Dobson, Piper, Sproul, and others launch anti-TNIV group
"One of the earliest translators, William Tyndale, was burned at the stake in 1536 for rewriting the Greek and Hebrew Holy Scripture in popular language," notes the St. Petersburg Times. Is history being repeated, it suggestively asks?

The men at the forefront of the battle against the Inclusive-Language New International Version (NIVI) in 1997 say Zondervan Publishing House, the International Bible Society (IBS), and the Committee on Bible Translation (CBT) have broken faith. Back in 1997, Focus on the Family president James Dobson called in representatives of the organizations along with opponents of the NIVI to sign 13 "Guidelines for Translation of Gender-Related Language in Scripture." Now Dobson and the anti-NIVI folks say Zondervan, the IBS, and the CBT are violating those guidelines by issuing the Today's New International Version (TNIV). (Sorry for the alphabet soup, folks.)

"To change the text of God's Word so that masculinity intended by the authors of Scripture is muted, and thus risk indirectly obscuring both the archetypal fatherhood of God … and the true identity of Jesus Christ, is to violate the Word of God; to do so after promising not to do so violates one's own word," the eight anti-NIVI men said in a press release Friday. "We call upon the International Bible Society and Zondervan Publishing House again to reverse their announced direction, thus keeping their word and God's."

The signers are Dobson, Tim Bayly (who in 1997 was the executive director of the Council on Biblical Manhood and Womanhood), World magazine publisher Joel Belz, Wayne Grudem (who in 1997 was president of the Council on Biblical Manhood and Womanhood), Charles Jarvis (then executive vice president at Focus on the Family), and theologians John Piper, Vern Poythress, and R.C. Sproul.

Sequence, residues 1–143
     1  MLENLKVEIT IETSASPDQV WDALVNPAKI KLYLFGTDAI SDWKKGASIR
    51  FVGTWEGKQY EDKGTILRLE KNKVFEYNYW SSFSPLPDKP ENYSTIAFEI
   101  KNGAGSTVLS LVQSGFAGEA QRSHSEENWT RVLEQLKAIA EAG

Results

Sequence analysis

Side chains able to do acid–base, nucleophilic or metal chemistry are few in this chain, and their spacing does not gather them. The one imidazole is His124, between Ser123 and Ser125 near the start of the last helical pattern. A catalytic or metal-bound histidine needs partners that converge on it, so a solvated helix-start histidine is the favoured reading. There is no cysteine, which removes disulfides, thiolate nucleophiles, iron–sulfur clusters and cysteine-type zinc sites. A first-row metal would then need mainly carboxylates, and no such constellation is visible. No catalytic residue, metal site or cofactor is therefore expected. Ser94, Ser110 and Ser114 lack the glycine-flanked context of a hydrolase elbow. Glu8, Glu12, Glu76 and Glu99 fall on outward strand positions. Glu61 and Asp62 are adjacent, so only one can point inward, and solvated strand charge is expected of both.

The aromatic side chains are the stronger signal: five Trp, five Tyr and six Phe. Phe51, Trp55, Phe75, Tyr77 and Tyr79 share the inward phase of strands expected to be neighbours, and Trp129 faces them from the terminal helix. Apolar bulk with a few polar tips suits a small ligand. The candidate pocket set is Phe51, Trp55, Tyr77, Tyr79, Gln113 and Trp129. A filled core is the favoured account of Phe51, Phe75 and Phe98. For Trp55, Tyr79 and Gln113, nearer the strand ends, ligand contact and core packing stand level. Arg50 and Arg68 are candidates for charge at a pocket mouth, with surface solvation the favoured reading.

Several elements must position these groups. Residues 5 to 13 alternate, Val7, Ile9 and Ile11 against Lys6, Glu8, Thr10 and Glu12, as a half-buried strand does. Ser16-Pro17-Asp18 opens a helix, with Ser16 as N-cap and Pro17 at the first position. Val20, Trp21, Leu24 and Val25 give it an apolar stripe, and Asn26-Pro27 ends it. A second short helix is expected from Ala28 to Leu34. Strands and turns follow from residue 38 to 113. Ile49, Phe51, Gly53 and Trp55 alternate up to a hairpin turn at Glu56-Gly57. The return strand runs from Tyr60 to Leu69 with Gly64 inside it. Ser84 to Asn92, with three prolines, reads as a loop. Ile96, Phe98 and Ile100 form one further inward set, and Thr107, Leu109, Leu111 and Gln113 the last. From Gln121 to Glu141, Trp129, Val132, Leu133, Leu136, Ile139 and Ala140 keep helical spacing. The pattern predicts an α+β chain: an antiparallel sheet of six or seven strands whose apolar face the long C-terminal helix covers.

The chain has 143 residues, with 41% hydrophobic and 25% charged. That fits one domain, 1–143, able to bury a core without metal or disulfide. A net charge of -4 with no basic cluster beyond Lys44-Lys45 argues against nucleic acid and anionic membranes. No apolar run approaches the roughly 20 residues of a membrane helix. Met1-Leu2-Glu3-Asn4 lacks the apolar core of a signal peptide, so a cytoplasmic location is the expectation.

The men have also launched a Web site to counter the TNIV: The Web site (operated by Bayly's Church of the Good Shepherd) suggests that the press release isn't just a one-shot deal—this may be the start of an anti-TNIV organization.

So far, Weblog hasn't seen a direct response to the press release from the Zondervan/IBS/CBT folks, but they've already answered many of the claims that they've violated their 1997 agreement. They say the TNIV is a more accurate translation than the NIV and better reflects today's English language. Furthermore, back in 1997 CBT chair John Stek told Christianity Today the group wasn't beholden to the guidelines. "They have no standing with us," hs said. "[If Dobson] wanted official representatives of CBT he should have contacted me."